Beating the odds has much to do with JumpStart focusing on three main innovation areas – health care IT, data services and social engagement tools.

During the three-month intensive program, the would-be entrepreneurs are granted $15,000 in seed funding, access to legal services, a network of 100-plus mentors, access to top-notch angel investors and the opportunity to tweak their products to better serve customers.

In return, JumpStart, a collective of 20 founders, receives 6 percent of the company’s stake and another four percent goes to equity mentors that will serve on boards and support the company beyond the program.

The feedback and connection with experts in various fields was immeasurable, Nelson explains.

“The most compelling thing in the process was the access to the mentors. They knew so much about things my business partner and I didn’t know about,” Nelson adds.


“We were practicing our pitches with people like Michael Burcham (president and CEO of the Nashville Entrepreneur Center) two or three times a week.”

That access and tutelage led to Nelson and Bradley raising sustainable capital in a matter of months. Newsbreak has doubled its reach from 20 convenience stores to more than 40 and will have 10 employees within the next year.

Gatto admits the rigorous programming offered at JumpStart produces results, but like the national statistics prove, not all can handle the pressure of being new entrepreneurs running the gauntlet.

“We push the teams to accomplish unrealistically high achievements in the 100 days of Jumpstart. Not all are successful. We have about a 15 percent dropout rate,” Gatto says.

“We push our teams to learn and improve at a frenetic pace. They make 18 months of progress during three calendar months. When they leave JSF, our alums are prepared for any and all obstacles on their way to building a great company.”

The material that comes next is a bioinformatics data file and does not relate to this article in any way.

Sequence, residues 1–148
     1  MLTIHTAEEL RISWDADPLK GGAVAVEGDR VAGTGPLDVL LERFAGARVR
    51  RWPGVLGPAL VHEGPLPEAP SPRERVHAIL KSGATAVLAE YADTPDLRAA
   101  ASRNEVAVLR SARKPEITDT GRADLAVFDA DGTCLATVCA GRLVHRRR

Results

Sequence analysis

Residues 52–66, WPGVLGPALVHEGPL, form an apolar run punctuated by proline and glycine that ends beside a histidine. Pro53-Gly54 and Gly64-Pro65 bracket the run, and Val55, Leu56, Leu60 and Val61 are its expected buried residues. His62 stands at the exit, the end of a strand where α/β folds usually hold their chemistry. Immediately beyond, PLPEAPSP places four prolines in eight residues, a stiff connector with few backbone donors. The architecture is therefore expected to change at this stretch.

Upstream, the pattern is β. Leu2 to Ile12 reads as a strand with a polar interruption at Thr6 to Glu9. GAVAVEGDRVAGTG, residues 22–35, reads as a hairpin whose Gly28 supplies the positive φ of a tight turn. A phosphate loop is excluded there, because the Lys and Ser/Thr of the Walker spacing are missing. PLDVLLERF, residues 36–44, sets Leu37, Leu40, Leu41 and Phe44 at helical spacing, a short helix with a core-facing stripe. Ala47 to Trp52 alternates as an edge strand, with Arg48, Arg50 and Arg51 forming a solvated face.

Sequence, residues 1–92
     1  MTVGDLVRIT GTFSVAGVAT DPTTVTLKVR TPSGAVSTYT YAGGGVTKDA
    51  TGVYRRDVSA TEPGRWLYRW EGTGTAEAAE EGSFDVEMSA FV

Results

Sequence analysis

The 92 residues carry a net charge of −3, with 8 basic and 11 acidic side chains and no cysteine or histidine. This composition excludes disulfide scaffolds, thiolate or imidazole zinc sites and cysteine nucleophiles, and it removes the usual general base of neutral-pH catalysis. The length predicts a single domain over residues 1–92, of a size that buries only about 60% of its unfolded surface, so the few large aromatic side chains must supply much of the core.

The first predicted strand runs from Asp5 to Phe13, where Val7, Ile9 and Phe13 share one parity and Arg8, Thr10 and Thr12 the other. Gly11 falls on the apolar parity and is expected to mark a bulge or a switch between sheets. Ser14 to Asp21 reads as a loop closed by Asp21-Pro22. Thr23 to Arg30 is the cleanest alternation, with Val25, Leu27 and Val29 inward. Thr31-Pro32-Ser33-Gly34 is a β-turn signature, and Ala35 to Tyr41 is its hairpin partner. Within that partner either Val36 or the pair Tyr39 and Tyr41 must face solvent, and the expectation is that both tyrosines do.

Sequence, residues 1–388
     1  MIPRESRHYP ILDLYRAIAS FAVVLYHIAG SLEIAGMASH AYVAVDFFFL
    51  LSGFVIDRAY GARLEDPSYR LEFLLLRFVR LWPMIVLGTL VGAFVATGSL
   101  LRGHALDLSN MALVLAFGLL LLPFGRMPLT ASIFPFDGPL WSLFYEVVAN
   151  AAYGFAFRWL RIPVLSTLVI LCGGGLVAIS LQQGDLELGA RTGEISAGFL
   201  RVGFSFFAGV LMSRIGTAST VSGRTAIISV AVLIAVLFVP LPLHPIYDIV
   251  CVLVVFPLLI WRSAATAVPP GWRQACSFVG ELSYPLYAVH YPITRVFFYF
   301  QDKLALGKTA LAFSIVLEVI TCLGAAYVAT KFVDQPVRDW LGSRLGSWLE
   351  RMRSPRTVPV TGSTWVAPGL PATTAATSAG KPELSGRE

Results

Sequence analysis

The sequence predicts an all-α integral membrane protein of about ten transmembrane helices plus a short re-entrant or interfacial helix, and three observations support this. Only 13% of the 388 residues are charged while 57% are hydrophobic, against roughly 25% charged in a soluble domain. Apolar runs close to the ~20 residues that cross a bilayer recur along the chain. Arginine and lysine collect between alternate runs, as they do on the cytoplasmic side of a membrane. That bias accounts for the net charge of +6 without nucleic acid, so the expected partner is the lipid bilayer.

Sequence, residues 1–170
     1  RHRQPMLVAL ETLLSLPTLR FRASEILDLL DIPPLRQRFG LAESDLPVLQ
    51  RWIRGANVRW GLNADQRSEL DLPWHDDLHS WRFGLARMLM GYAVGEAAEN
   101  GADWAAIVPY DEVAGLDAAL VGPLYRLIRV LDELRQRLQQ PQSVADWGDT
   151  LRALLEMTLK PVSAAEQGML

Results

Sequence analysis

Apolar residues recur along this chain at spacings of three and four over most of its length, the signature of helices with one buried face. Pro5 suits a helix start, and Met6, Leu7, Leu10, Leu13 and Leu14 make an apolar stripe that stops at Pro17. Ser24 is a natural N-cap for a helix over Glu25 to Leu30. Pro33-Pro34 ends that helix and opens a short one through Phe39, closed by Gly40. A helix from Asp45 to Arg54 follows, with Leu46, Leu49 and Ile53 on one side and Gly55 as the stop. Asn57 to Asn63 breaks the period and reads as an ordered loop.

Wannado founder Steven Buhrman also has reaped the benefits from his time at JumpStart Foundry. He describes the app and online engagement tool as an E-Harmony for life in the city. More than 15,000 users download Wannado every day to learn about volunteer opportunities, date night spots, arts, music and other events.

Buhrman, a theologian who had studied at the University of Oxford, moved to Nashville in 2011 with a couple of suitcases and his Volvo in hopes of bringing his app to life through JumpStart.

“The most important aspect for me was the connection with real users who live in the city and would really use this product,” Buhrman says.

“The process is really intended to beat you up and mash up your ideas, but it also makes your stronger and more focused.”

The timing has been right for JumpStart and the entrepreneurs vying to participate in the program, Buhrman adds. Launch Tennessee and the long-running Nashville Entrepreneur Center are some local and statewide stakeholders in Nashville’s tech boom.

“It’s been amazing to be in a city like Nashville that has been intentional about creating a context for entrepreneurs to turn their ideas into reality,” he says. “If you’re struck with an idea, there’s nothing stopping you from being successful.”